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How well do retro PDA devices compare to eachother for modern usage?


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#1 Punchy71

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Posted 06 December 2017 - 11:31 AM

Hi,

    I'm thinking of buying a used, retro, old school pocket PDA device (or something similar such as a palmtop device for example) for general, everyday use. How do the different types of pocket PDA and palmtop devices differ from one another and how usable are they, one from another? I'm looking at the following types:

 

Sony Clie

Palm OS/Tungsten

Pocket PC

Blackberry

(possibly an old, used smart phone with Replicant Operating System installed)

Palmtop style devices like - Hewlett Packard, Jornada, Sony VAIO "P" palmtop-like device, Lenovo palmtop-like device, PSION Series 5mx, etc.

 

Are there any others I should consider in my search?

 

Thank you

 

 



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#2 britechguy

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Posted 06 December 2017 - 12:40 PM

Before I start, I want to say that I absolutely loved the Palm and Handspring devices I used "way back when."

 

But I have to ask, why would you want to do this?  You need to be clear about what you need/want to sync with your PC and whether the version of Outlook (most likely) would support it if you're using Outlook or if Palm Desktop will install on the machine you have in mind.

 

If you're thinking about using a Palm-era device with something like Google Calendar it's going to be far more trouble than it's worth.  You also cannot get apps practically anywhere for these things these days, and that includes from archives, which have largely disappeared.

 

For the sort of thing that most Palm-era devices are used for, calendar, tasks/to-do lists, etc., it is possible to buy a low-end prepaid smart phone, and not activate it if you don't want phone service, and use it for that purpose while having much greater ease dealing with "the current world."


Brian  AKA  Bri the Tech Guy (website address in my profile) Windows 10 Home, 64-bit, Version 1709, Build 16299

       

    Plus ça change, plus c'est la même chose
              

 


#3 Punchy71

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Posted 06 December 2017 - 01:22 PM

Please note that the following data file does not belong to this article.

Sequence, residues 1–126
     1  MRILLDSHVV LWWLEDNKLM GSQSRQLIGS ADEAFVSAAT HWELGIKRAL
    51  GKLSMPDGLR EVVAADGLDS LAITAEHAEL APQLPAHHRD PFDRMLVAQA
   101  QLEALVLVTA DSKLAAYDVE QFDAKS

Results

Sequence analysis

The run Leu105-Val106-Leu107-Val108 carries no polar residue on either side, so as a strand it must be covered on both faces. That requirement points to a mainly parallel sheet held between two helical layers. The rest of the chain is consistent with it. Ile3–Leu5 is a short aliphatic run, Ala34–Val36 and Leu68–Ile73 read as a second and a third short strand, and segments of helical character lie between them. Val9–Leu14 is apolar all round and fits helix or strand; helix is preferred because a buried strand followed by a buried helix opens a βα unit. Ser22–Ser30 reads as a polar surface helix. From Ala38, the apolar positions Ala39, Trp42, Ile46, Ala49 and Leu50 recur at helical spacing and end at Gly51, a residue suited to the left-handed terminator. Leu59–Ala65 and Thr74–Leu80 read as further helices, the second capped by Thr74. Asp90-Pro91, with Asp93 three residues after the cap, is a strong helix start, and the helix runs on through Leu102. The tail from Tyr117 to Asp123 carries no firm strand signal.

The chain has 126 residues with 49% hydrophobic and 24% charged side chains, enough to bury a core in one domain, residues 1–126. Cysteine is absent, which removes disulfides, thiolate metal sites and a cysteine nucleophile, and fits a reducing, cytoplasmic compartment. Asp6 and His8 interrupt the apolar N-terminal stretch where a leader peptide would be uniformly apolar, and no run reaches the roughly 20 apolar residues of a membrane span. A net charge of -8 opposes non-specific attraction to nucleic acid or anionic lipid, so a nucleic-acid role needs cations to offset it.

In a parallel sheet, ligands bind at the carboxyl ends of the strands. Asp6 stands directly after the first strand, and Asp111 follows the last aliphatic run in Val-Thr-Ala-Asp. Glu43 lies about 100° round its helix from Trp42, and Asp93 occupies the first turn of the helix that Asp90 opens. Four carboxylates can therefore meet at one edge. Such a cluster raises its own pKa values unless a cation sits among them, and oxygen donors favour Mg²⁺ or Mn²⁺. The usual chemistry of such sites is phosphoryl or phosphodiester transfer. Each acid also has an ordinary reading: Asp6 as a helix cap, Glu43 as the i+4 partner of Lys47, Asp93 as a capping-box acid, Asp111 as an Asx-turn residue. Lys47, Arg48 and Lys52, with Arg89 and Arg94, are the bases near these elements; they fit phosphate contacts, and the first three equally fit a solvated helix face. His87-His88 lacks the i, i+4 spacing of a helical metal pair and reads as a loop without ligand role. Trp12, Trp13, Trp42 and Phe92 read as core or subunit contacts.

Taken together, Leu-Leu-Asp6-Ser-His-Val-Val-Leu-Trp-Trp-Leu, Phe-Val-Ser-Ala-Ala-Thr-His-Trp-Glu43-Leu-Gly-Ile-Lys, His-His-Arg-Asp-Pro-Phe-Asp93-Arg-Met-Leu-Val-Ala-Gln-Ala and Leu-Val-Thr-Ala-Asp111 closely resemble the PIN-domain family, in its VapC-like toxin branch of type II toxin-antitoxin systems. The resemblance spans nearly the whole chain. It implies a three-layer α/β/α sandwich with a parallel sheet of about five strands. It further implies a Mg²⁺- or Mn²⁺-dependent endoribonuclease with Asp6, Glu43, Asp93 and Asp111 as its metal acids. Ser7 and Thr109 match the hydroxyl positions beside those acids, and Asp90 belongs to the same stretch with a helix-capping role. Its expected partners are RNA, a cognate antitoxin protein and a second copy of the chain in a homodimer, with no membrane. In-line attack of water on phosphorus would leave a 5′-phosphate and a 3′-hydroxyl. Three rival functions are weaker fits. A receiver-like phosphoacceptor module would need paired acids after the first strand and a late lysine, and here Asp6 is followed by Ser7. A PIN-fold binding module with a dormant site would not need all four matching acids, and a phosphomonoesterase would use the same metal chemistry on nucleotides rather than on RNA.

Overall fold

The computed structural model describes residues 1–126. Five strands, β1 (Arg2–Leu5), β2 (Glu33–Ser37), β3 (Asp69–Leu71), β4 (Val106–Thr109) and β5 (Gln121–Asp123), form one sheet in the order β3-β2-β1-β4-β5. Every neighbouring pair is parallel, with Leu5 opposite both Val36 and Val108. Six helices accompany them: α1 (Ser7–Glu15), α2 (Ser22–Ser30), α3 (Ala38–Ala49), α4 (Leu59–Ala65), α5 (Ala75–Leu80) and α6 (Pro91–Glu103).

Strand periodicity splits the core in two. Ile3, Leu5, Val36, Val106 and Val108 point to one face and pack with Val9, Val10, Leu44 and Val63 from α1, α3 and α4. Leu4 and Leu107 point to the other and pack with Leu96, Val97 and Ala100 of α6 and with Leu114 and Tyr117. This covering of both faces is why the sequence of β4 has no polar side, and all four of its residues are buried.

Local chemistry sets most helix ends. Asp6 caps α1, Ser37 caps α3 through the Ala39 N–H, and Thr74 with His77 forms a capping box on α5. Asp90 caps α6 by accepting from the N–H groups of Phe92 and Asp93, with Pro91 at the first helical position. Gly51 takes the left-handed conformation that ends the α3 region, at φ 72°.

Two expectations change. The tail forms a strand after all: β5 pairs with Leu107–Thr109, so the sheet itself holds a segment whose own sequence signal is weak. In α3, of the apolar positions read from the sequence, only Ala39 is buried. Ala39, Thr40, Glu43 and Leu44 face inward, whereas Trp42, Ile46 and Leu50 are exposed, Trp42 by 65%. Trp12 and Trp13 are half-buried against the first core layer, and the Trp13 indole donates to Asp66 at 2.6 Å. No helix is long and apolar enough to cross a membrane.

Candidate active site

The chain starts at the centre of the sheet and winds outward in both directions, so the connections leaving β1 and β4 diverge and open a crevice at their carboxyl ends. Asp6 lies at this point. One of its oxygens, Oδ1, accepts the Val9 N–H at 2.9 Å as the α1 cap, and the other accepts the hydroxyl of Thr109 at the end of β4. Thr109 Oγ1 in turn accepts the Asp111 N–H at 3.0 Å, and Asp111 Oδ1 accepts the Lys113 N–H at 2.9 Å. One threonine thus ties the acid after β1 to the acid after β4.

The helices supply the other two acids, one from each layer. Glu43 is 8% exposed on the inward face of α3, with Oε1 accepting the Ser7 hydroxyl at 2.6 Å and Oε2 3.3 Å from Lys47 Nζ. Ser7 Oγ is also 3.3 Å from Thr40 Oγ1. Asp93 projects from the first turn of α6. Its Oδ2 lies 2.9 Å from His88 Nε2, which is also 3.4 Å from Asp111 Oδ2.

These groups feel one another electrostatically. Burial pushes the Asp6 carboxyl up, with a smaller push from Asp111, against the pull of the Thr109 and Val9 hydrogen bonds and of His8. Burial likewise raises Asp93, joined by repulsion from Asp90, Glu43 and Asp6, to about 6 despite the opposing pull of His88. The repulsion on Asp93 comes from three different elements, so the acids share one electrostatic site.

Before I start, I want to say that I absolutely loved the Palm and Handspring devices I used "way back when."

 

But I have to ask, why would you want to do this?  You need to be clear about what you need/want to sync with your PC and whether the version of Outlook (most likely) would support it if you're using Outlook or if Palm Desktop will install on the machine you have in mind.

 

If you're thinking about using a Palm-era device with something like Google Calendar it's going to be far more trouble than it's worth.  You also cannot get apps practically anywhere for these things these days, and that includes from archives, which have largely disappeared.

 

For the sort of thing that most Palm-era devices are used for, calendar, tasks/to-do lists, etc., it is possible to buy a low-end prepaid smart phone, and not activate it if you don't want phone service, and use it for that purpose while having much greater ease dealing with "the current world."

Yes, I was considering just buying a standard, ordinary, modern smart phone and using it like a Palm device without hooking myself up to cellular phone service, but I wasn't for sure you could do this or not. But now you pretty much confirmed that it can indeed be done this way.

I just want to use a pocket device for general everyday tasks and not really talk on it. That's why I was considering an old, retro Palm or some other similar device.

If I did it this way, could I still upload new apps onto it some way from my main desktop PC? ... say using an SD card or some other way?


Edited by Punchy71, 06 December 2017 - 01:30 PM.


#4 britechguy

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Posted 06 December 2017 - 04:55 PM

Do yourself a favor and find a low-end Android smartphone.

 

It is well-nigh impossible to get any apps for the Palm platform (regardless of who made it - Palm OS was on several different brands).  If you want the modern equivalent of Palm OS it's Android.


Brian  AKA  Bri the Tech Guy (website address in my profile) Windows 10 Home, 64-bit, Version 1709, Build 16299

       

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#5 Punchy71

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Posted 07 December 2017 - 11:55 AM

Okay, I'll give this a try. Thank you for the tip!



#6 britechguy

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Posted 07 December 2017 - 09:41 PM

You're quite welcome.

 

It's tragic that Palm dropped the ball like they did when they did.  I really, really liked Palm OS and had Palm played its cards right it might still be near the top of the heap in smartphones (which are the modern replacement for the straight PDA).


Brian  AKA  Bri the Tech Guy (website address in my profile) Windows 10 Home, 64-bit, Version 1709, Build 16299

       

    Plus ça change, plus c'est la même chose
              

 





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